More Not-for-Profit Hospitals Entering Insurance Market Despite Risks
Source: California Healthline
Not-for-profit hospitals increasingly are entering the health insurance market in an effort to boost revenue during a period of slow growth,according to a report released last week by Moody’s Investors Service, Modern Healthcare reports.
According to the report, the hospitals are making such moves even as the startup costs and short-term losses have put a strain on their margins. Moody’s found that not-for-profit hospitals with a health insurance business in 2014 operated at cash flow margins of 3.7%, compared with 4.8% for similar health systems lacking insurance products.
The report also found that the median operating revenue for health systems with insurance businesses was $2.73 billion, compared with $2.67 billion for those not operating a health plan. However, Mark Pascaris, one of the Moody’s analysts who authored the report, noted that the higher median operating revenue is only beneficial if the insurance operations continue to turn a profit. He explained that health systems often lack the knowledge in underwriting and marketing to keep operations profitable, noting, “It’s a completely different skill set running a hospital operation versus operating a health plan.”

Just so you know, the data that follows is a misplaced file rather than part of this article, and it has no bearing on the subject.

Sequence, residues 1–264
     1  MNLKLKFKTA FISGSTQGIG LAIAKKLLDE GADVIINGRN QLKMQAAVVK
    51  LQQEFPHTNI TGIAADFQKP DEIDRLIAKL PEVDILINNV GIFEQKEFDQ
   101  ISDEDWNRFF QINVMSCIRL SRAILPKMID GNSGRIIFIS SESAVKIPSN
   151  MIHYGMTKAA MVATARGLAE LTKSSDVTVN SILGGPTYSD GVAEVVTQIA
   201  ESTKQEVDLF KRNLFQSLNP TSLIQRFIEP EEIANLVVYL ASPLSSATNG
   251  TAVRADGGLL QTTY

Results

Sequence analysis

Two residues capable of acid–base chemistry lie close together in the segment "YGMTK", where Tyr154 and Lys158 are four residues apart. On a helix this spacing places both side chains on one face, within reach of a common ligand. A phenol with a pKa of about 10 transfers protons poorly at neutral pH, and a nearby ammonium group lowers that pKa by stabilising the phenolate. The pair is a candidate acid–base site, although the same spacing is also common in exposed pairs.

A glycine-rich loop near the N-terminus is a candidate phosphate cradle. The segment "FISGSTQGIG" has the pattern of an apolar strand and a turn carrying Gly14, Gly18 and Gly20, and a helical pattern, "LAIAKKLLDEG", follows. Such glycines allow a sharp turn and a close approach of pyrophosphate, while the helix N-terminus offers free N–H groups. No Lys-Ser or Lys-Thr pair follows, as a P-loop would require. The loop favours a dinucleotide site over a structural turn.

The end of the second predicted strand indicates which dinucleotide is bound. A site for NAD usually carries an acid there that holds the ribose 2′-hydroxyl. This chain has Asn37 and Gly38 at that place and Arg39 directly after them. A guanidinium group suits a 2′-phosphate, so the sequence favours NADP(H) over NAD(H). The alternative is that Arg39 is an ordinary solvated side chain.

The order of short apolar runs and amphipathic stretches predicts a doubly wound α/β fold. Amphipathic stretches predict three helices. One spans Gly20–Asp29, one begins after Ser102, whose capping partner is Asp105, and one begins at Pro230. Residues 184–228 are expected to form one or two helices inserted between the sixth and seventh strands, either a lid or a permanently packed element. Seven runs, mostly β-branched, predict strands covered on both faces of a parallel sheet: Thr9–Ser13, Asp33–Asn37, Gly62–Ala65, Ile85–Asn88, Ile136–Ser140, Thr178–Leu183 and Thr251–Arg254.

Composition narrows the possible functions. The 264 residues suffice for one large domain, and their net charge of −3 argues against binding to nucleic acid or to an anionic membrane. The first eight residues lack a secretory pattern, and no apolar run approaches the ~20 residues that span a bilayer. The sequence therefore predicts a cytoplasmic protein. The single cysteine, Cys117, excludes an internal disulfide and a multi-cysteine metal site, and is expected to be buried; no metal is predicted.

Ups and Downs for Health Systems Entering Insurance Business
Not-for-profit health systems continue to experience financial highs and lows when entering the insurance market, Modern Healthcare reports.
For example, Catholic Health Initiatives of Englewood, Colo., reported $23.7 million in losses on revenue of $377.6 million for its insurance plan for the fiscal year that ended June 30. Meanwhile, North Shore-LIJ Health System in Great Neck, N.Y., reported a $12.4 million loss during the first half of the year on its CareConnect insurance startup. However, its revenue during that period tripled to $95.3 million.
Other systems dipping a toe in the insurance business include:
- Ascension, which has announced a plan to pursue large employers after acquiring a Michigan health plan earlier this year; and
- Sutter Health, which announced last week that it will expand its HMO to five more California counties